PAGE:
The refurbishment process was not just about replacing worn-out parts. It was also an opportunity to modernize the decadeold Revolvers. Upgrades included an improved lid lifter, which now requires less maintenance and enhances efficiency in removing the lid. The encoders were also upgraded for better rotational efficiency and durability.

It also introduced a Virtual HMI upgrade which now allows for wireless diagnostics and fault findings, reducing unnecessary downtime and enhancing the uptime of the spreader.

“Identifying the problem is 90% of the issue solved. Our virtual HMI diagnostics accelerate this,” a spokesman for RAM Spreaders said.

The refurbishment and upgrade process also provided an opportunity for RAM Spreaders to provide training to the port staff. This included operational training, maintenance training, and upgrade system training.

The operational training focused on improving the handling of the rotating spreader, such as identifying feedback from the crane and removing the container from the vessel before it has fully completed the 360 degrees rotation. The port now saves 20 seconds each cycle during the unloading process.

The maintenance training refreshed the original team’s knowledge and brought new members of staff up to speed on the correct maintenance of the RAM Revolver. They also received training on how to take advantage of the upgrades such as fault findings through the Virtual HMI Diagnostics.

The outcome of the refurbishment and upgrade process has been overwhelmingly positive.

“Since the refurbishment, the reliability of the Revolvers has increased significantly. Having the RAM team at the site for two weeks meant our team had hands-on training and using the new fault diagnosis system, we can solve problems faster,” said Adrian Moore, asset manager, LINX Port Services.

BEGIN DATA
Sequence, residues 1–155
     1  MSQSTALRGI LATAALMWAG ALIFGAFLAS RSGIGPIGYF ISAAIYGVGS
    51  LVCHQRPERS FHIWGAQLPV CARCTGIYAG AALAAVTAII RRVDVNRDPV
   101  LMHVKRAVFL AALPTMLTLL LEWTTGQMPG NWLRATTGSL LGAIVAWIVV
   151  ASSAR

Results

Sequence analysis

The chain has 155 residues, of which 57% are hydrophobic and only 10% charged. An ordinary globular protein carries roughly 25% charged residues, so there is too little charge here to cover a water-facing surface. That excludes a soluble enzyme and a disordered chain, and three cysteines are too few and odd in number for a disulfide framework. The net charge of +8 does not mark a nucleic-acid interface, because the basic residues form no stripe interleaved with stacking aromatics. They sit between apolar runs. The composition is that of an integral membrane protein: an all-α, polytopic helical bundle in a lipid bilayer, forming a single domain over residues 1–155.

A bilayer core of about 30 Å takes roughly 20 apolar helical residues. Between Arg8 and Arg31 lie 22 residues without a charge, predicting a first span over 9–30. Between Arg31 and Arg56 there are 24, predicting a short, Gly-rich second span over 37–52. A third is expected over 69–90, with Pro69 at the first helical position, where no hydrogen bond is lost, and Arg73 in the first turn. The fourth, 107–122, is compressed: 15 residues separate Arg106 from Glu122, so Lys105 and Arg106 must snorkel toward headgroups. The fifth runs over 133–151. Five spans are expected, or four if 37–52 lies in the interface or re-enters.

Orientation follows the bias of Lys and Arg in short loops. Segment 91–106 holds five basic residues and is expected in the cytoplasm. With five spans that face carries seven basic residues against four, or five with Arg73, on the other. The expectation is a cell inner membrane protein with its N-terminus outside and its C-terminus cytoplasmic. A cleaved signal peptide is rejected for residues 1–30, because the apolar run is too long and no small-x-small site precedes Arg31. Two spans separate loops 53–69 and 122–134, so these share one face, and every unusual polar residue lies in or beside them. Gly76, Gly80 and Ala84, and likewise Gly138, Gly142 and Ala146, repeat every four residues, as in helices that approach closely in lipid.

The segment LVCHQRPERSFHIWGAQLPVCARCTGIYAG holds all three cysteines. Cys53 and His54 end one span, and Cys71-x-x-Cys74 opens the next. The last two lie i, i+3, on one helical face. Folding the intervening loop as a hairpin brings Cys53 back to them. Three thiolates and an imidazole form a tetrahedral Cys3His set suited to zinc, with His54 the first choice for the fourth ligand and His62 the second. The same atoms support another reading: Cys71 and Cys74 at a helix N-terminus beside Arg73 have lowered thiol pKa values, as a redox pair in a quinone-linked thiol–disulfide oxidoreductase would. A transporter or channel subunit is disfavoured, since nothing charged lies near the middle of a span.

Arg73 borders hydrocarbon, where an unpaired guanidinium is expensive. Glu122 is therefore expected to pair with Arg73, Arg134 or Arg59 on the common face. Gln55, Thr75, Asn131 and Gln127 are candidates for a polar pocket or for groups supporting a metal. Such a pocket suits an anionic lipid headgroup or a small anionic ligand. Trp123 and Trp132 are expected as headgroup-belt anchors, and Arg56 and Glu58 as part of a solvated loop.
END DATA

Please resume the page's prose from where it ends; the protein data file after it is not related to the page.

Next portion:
For Port Kembla, this investment meant their operations can continue more efficiently for years to come without repurchasing new equipment at higher costs.


Visy TopView has a spreader OCR camera system which automatically identifies container IDs from the tops of containers, transforming spreaders into smart devices with its in-house recognition software.

The TopView accelerates container handling processes and prevents timeconsuming false lifts, which helps to increase a terminal’s operating capacity and stack accuracy. With this device, no container is being stacked to a wrong location regardless of whether the operation commences over vessel, truck, train, or yard.

The software recognizes container IDs while crane operations are ongoing, providing efficiency and accuracy in container handling. It also enhances safety and security by reducing the need for manual work in the immediate vicinity of the cranes.

Visy TopView utilizes vision technology to prevent lift accidents: Its network determines the container formation from the spreader camera images and compares it with the spreader setting. An alert is sent to the crane operator if the selected lift type does not match the images, preventing accidental twin lifts when the spreader is in single lift position.

The technology comes as a compact system in which all equipment is installed directly on the spreaders, including cameras, illuminators, and the recognition PC. Intelligent OCR software selects the best results to achieve recognition rates of up to 99.5% and verifies that each movement of cargo goes as planned.

The system is a reliable partner for terminal operators in container handling processes, as it gathers recognition data while cranes are in action, regardless of the time of day or environmental condition.


As part of its investment in an electric infrastructure, Borg Havn in Norway chose the Liebherr LPS 420 E mobile harbour crane to help meet its climate goals while offering multipurpose cargo handling options.